To heal our cultural divide (and stop Brexit) we have to stop berating Brexiteers, says Lib Dem deputy leader JO SWINSON
I had mixed feelings when The New European was launched. While it’s comforting to know there are many others who share my sense of devastation about Brexit, and are up for the fight to stop it, this reminded me of when the National was set up in Scotland in the wake of the independence referendum.
More than three years on from ‘indyref’, Scotland is still riven with division. Politics has become much more binary and less nuanced: whether you are for or against independence is the key driver of voting behaviour.
On both sides of the debate, we see the ‘halo and horns’ bias. When looking at what any given politician, commentator or public figure has said or done, it is judged through the lens of the constitutional debate – if they’re on your side, they are saintly and good. If not, then those horns and a forked tail are surely spotted. This is not healthy.
The signs of division across the whole of the UK are there too. The Brexit vote showed a country divided along the fault lines of economics, geography and age. Perhaps more intriguing is the stark difference in attitudes. I regularly cite research from Professor Eric Kaufmann, at Birkbeck College, University of London, that shows a simple question that is a better predictor of voting intent for Brexit (and Trump) than personal income levels.
The question: ‘Is it more important for a child to be considerate or well-mannered?’
At first glance, it seems there’s not much difference. Certainly, as mum to a four-year-old, I would often happily settle for either! On closer inspection though, you can see the difference in worldview this question reveals, pitting more liberal attitudes against respect for authority and order.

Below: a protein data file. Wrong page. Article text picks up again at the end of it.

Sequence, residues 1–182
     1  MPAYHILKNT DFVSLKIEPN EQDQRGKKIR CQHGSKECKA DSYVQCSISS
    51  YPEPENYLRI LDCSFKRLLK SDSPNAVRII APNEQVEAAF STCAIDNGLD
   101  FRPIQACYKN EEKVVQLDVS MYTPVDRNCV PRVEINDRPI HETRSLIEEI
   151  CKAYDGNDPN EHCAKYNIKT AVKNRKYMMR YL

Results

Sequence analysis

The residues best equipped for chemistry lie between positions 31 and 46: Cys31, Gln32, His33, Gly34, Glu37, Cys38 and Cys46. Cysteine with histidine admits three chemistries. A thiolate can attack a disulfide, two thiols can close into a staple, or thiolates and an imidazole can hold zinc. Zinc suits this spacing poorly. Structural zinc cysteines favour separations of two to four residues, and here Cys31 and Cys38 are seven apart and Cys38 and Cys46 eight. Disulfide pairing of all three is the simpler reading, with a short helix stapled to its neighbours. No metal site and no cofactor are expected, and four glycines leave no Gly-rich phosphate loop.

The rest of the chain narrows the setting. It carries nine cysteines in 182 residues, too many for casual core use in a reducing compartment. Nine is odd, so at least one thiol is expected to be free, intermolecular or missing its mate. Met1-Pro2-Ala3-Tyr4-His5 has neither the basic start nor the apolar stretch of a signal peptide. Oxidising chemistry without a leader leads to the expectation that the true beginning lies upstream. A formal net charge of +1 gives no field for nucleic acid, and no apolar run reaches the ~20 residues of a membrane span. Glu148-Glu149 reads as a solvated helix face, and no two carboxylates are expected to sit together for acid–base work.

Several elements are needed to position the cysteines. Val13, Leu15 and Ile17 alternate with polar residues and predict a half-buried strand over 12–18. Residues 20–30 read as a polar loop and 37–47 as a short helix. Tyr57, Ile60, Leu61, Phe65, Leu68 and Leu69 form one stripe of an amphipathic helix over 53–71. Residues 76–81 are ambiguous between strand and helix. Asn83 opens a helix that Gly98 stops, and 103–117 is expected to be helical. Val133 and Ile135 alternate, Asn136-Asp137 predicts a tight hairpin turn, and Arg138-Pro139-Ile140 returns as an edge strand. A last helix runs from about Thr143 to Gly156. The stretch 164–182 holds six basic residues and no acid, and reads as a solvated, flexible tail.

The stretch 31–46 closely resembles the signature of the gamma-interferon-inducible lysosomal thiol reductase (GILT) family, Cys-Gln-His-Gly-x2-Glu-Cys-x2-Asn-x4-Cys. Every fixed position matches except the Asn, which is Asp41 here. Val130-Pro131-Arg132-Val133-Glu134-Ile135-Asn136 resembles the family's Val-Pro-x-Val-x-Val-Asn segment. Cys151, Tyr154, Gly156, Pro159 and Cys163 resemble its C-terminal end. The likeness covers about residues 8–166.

This cultural divide is perhaps the deepest, and the hardest to tackle. Statistics on the economic benefits of immigration or a dry analysis of the Brexit impact on jobs will do little to address the cultural concerns that led many people to vote to Leave the European Union. The emotional case needs to be made alongside the rational case, and it needs to speak to people with a range of value systems.
In the independence referendum, the economic case for Scotland staying in the UK was almost identical to that for the UK staying in the EU – but it wasn’t sufficient on its own. Drawing on our shared heritage was important, reminding people of what we had created together as a nation, our beloved institutions such as the BBC, NHS and British Army. And perhaps most compelling for many was the simple fact of family ties and loved ones living on the other side of the border. These emotional pulls attracted liberal and conservative minds alike.
We should be concerned about the danger of creating our own echo chambers and succumbing to the confirmation bias within them. Waving the European Union flag will not recruit anyone new to our cause.
Our deeply divided society is a problem. Firstly, I doubt that the distrust, backbiting and extreme tribalism is the kind of environment any of us want to prevail. Secondly, and more practically, to stop Brexit we need to reach out and change minds. There is not much time.
As a movement, we need to listen to different voices, and understand people’s reasons for voting Leave. If people feel berated for their choice in June 2016, they will be less open to forming a different view now.
Yet at times on social media, I see intemperate #FBPE accounts making wild accusations about Leave voters as a whole. Passions run high, but we need a respectful and civilised debate. Those of us who are liberals (whichever party we’re in) need to recognise the need to make a case that resonates with conservatives too.
Seventy years of peace and security. The stories of today’s establishment British figures whose family were immigrants. These are the kind of words we need to hear, and from voices trusted by those of a culturally conservative persuasion. Bringing our country back together means putting ourselves in the shoes of people who took the opposing view.
It’s up to all of us, including The New European, to make that case to the 100%, not just the 48%.
Jo Swinson is MP for East Dunbartonshire, deputy leader of the Liberal Democrats and the party’s foreign affairs spokesperson